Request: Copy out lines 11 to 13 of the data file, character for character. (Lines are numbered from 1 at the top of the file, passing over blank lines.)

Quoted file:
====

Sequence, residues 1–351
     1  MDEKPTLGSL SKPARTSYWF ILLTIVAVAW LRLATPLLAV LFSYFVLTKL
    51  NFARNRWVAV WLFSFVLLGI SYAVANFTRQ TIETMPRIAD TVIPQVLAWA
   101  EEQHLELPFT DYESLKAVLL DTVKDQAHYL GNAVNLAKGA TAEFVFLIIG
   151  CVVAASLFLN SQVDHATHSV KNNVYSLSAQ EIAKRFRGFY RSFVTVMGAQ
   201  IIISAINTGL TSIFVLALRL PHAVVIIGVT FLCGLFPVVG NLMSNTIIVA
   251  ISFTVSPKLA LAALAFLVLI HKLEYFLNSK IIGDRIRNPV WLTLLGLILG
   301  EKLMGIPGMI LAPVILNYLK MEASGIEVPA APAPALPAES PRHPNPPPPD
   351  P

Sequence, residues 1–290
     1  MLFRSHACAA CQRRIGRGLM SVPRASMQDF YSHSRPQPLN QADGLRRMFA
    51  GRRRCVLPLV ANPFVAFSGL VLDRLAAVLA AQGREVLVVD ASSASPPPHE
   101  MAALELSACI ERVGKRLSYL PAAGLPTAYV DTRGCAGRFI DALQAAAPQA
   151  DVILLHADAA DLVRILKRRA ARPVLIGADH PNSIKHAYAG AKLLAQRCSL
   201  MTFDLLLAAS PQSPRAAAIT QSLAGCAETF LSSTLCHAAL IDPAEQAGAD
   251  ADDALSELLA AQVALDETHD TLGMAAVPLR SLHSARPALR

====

     1  MLFRSHACAA CQRRIGRGLM SVPRASMQDF YSHSRPQPLN QADGLRRMFA
    51  GRRRCVLPLV ANPFVAFSGL VLDRLAAVLA AQGREVLVVD ASSASPPPHE
   101  MAALELSACI ERVGKRLSYL PAAGLPTAYV DTRGCAGRFI DALQAAAPQA